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Performance of various cassava clones in the dry savanna region of Nigeria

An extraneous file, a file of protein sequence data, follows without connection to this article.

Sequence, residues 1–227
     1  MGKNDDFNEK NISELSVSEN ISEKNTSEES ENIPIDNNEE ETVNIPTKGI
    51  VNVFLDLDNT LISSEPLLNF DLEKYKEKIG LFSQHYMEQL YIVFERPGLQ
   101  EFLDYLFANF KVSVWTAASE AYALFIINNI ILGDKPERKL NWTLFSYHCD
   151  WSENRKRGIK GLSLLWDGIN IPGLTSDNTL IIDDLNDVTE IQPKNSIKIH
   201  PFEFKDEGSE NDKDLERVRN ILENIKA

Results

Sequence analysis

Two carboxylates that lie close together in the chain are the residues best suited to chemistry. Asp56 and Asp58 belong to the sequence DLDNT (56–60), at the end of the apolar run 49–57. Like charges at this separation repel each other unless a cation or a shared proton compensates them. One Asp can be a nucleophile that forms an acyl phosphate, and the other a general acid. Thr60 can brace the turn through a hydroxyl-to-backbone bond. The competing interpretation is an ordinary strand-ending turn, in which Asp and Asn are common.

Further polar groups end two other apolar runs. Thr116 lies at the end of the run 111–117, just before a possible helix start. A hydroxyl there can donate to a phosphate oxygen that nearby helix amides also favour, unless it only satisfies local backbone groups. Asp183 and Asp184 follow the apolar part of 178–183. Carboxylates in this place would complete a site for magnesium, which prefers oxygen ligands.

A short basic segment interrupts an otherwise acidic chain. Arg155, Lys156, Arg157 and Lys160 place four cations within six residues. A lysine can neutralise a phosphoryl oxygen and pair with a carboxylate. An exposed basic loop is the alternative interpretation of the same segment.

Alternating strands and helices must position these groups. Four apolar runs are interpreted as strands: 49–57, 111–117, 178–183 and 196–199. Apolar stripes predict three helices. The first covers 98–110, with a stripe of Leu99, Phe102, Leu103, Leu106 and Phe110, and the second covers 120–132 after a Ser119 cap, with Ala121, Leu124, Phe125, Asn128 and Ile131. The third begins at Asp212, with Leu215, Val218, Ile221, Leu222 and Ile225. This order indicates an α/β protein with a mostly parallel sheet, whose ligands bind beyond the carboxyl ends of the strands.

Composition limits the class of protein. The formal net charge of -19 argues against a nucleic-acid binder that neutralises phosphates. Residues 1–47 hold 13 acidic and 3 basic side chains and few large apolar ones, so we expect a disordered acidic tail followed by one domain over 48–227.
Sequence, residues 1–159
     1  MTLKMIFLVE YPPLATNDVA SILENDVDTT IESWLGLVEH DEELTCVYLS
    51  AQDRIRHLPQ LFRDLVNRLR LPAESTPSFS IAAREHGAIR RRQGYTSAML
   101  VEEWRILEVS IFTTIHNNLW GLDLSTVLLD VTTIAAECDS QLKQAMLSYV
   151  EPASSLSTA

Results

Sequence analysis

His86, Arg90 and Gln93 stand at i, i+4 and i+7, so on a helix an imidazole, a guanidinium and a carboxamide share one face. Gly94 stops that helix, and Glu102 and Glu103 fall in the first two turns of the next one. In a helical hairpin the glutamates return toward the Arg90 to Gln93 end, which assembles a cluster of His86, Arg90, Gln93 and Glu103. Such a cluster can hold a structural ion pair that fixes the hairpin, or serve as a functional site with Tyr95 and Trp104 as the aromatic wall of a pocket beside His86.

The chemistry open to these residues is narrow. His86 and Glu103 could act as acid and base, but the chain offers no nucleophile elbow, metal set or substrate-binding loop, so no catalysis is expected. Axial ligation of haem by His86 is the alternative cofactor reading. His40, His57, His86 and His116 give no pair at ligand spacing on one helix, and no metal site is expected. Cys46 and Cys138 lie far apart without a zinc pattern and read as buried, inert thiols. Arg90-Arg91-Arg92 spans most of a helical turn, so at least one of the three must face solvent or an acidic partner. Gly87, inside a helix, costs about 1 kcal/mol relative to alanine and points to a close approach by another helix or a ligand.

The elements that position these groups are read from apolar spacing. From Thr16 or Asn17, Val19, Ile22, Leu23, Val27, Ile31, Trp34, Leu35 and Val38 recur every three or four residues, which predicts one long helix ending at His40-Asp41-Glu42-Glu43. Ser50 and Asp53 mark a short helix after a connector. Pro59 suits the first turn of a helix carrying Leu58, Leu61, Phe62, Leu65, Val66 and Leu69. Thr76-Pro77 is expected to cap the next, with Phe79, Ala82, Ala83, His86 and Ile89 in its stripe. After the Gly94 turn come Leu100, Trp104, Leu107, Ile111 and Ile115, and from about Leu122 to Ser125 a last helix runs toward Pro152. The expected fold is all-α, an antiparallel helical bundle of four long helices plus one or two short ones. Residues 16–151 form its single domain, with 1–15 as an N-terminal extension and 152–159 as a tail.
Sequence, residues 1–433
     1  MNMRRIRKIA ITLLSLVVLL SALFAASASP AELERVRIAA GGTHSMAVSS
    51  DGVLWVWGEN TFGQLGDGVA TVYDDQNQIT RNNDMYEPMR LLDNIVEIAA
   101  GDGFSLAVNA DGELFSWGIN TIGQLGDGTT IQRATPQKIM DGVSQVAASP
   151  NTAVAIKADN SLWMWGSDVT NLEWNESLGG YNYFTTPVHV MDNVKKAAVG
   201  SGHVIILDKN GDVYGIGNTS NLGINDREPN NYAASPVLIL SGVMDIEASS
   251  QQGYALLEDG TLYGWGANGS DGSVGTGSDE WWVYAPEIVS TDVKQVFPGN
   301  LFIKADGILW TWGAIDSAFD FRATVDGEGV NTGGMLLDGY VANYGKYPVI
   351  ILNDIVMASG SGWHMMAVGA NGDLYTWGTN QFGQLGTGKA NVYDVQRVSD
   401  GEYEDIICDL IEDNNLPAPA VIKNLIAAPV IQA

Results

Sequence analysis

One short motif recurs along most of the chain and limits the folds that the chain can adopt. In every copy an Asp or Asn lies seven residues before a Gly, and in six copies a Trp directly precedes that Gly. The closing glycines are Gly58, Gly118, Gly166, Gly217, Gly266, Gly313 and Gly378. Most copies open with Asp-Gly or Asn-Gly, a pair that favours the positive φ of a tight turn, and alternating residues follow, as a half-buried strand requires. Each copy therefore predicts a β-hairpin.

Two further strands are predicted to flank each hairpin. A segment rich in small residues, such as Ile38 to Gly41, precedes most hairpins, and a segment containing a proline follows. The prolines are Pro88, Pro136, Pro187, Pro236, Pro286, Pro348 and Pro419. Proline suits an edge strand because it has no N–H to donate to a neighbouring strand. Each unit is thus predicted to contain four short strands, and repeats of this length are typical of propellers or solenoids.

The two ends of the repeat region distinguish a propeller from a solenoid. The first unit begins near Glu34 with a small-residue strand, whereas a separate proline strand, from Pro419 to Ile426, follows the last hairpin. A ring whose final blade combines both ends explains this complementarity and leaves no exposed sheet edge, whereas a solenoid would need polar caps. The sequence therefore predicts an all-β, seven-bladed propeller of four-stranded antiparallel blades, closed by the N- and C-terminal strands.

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Cassava (Manihot esculenta Crantz) crop is widely known adapt to variable drought conditions. Due to the lack of adapted and high-yielding cultivars tolerant to the prevalent biotic and abiotic stresses, cassava is yet to find a wide and appropriate niche in the farming systems of the African dry savannas. Research aimed at improving adaptation to dry environments is under way. Field studies conducted at two lowland sites in the northern Guinea and Sudan savanna zones of Nigeria revealed a wide genetic variability in adaptation among African and introduced Latin American germplasm. Significant genotypic variability for stomatal response to dry weather fibrous root development, leaf stay-green ability, tuberous root yield and apparent water-use efficiency have been noted. Such variable mechanisms of adaptation associated with drought resistance are currently used as selection criteria in the IITA breeding programme to improve and sustain the cassava production in these dry savanna zones.